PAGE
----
It appears from leaked material that the World Trade Organisation (WTO) Dispute Settlement Body (DSB) has dismissed a challenge initiated by Ukraine, Cuba, Honduras, Indonesia and Dominican Republic against Australia’s tobacco plain packaging laws.

Ukraine requested consultations with Australia in early 2012 challenging Australia’s Tobacco Plain Packaging Act 2011, Trade Marks Amendment (Tobacco Plain Packaging) Act 2011 and related laws and policies that have been adopted to implement these laws.

Ukraine claimed that these Acts are inconsistent with (amongst other things) the Agreement on Trade-Related Aspects of Intellectual Property Rights (TRIPS). Indonesia, Cuba, Honduras and Dominican Republic, all of which are large tobacco producers, subsequently sought consultations. Consultations took place in 2012 and 2013.

Dispute settlement panels were then established at which Australia argued that the laws promoted public health by discouraging smoking. In its submissions to the DSB, Australia cited statistical and scientific evidence of the decline in prevalence of smoking since the introduction of the plain packaging laws.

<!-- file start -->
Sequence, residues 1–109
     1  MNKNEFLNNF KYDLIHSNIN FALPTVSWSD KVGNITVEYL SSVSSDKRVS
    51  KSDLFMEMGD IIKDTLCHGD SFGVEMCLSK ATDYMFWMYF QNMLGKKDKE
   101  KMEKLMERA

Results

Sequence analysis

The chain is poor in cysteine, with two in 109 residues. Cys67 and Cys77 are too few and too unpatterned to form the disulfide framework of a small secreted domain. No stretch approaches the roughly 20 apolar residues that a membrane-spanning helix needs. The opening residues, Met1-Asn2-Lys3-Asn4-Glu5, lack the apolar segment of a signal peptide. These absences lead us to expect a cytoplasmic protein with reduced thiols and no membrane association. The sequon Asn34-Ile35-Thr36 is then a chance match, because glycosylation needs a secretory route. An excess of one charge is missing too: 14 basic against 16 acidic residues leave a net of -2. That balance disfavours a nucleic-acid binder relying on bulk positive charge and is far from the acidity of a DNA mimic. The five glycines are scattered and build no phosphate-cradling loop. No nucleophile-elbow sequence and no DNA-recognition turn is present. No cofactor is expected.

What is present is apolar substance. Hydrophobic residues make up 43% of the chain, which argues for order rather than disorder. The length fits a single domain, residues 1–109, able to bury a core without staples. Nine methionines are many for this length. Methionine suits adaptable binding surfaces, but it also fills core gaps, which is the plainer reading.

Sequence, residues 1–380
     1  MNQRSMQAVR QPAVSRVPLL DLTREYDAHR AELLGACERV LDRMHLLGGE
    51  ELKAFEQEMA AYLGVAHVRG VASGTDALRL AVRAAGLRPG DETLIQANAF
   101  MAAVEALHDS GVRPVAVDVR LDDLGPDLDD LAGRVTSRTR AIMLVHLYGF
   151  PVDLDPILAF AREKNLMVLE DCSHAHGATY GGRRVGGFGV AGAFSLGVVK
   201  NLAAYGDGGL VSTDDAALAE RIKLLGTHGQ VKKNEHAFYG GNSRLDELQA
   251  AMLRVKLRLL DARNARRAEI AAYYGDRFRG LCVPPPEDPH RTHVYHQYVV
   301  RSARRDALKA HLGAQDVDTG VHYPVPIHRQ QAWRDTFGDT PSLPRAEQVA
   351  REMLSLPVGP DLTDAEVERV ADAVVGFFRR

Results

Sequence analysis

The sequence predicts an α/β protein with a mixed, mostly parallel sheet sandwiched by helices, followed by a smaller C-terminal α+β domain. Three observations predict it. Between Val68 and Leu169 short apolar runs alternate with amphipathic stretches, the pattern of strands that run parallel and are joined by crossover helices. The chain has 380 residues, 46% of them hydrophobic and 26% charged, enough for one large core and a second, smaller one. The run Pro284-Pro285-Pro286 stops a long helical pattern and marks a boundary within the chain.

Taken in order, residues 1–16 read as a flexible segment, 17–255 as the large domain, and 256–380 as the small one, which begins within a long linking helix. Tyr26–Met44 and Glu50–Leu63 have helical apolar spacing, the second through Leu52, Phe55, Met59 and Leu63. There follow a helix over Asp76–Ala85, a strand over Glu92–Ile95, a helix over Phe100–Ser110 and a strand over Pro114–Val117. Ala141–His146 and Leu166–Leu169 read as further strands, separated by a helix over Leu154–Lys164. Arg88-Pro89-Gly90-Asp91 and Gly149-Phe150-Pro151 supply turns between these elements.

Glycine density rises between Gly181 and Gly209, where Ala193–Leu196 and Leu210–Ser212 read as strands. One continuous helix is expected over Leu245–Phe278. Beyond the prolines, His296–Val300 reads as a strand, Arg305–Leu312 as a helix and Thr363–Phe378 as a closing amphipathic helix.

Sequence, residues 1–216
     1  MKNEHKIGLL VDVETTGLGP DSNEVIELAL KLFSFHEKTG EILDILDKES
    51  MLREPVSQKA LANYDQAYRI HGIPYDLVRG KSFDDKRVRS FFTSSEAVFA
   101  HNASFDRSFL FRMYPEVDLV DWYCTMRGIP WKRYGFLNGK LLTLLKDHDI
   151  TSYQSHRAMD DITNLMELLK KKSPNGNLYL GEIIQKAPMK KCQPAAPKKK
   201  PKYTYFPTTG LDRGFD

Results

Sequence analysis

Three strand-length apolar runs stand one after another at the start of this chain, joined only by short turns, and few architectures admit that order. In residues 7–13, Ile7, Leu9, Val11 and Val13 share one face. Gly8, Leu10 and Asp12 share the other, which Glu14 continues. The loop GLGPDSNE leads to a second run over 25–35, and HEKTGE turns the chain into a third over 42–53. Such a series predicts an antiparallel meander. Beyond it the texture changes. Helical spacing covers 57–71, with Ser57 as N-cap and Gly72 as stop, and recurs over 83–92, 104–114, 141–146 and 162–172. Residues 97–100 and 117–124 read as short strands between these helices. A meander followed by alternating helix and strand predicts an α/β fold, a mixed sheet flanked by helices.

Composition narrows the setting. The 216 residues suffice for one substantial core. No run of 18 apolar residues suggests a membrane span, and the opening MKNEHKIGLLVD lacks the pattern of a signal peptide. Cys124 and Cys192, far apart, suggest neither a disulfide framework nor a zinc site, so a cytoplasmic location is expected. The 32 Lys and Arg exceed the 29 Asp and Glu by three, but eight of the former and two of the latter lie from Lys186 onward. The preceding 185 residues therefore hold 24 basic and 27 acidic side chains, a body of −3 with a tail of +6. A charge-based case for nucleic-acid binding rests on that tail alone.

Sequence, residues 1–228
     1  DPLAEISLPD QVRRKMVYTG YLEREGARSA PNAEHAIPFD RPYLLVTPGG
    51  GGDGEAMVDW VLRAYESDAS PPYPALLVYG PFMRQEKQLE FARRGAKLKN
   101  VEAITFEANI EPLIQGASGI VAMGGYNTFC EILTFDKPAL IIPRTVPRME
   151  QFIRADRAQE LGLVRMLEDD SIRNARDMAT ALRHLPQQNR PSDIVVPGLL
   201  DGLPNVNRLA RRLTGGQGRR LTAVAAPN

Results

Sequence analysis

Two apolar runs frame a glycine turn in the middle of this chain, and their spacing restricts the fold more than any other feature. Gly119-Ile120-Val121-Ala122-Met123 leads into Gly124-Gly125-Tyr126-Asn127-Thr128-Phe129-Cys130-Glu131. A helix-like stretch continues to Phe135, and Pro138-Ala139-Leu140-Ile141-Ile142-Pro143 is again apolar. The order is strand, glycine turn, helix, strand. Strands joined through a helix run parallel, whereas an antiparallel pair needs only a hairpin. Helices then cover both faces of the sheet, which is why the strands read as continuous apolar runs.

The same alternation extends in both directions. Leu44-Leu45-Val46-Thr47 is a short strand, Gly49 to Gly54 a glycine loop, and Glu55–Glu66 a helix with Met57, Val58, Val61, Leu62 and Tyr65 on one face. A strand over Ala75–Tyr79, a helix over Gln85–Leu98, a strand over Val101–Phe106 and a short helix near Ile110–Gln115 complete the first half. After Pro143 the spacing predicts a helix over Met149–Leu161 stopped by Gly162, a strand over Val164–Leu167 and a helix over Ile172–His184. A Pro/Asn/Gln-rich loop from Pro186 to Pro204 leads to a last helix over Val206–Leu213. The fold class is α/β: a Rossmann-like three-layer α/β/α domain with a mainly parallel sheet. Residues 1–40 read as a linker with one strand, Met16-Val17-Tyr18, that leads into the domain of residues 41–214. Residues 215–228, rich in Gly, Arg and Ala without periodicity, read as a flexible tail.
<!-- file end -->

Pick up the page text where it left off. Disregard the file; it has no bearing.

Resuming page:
It was argued that “Even if the use of trade marks to advertise and promote a product were encompassed by "use" within the meaning of Article 20 [of TRIPS], the complainants have failed to prove that it is "unjustifiable" for Australia to encumber the use of trademarks to advertise and promote tobacco products”.

A leaked draft of the WTO DSB’s ruling has shown that it believes Australia’s laws are a legitimate public health measure, dismissing the challenges.

However, the DSB’s decision is not final. The WTO Appellate Body has the power to overrule this decision. A spokesperson for British American Tobacco has said that it is likely one or more parties will appeal the decision, although this cannot occur until after DSB hands down the full report in July.

Regardless, this decision is expected to be a great setback to the tobacco industry, as more countries are geared to follow in Australia’s footsteps. Britain, France and Hungary have already introduced plain packaging laws, and Ireland, Canada, Singapore and South Africa are likely to follow.

Phillip Morris International and Japan Tobacco have also argued that this ruling could be extended to the imposition of plain packaging laws for alcohol and junk food. It is yet to be seen if the precedent Australia has set will have such an effect.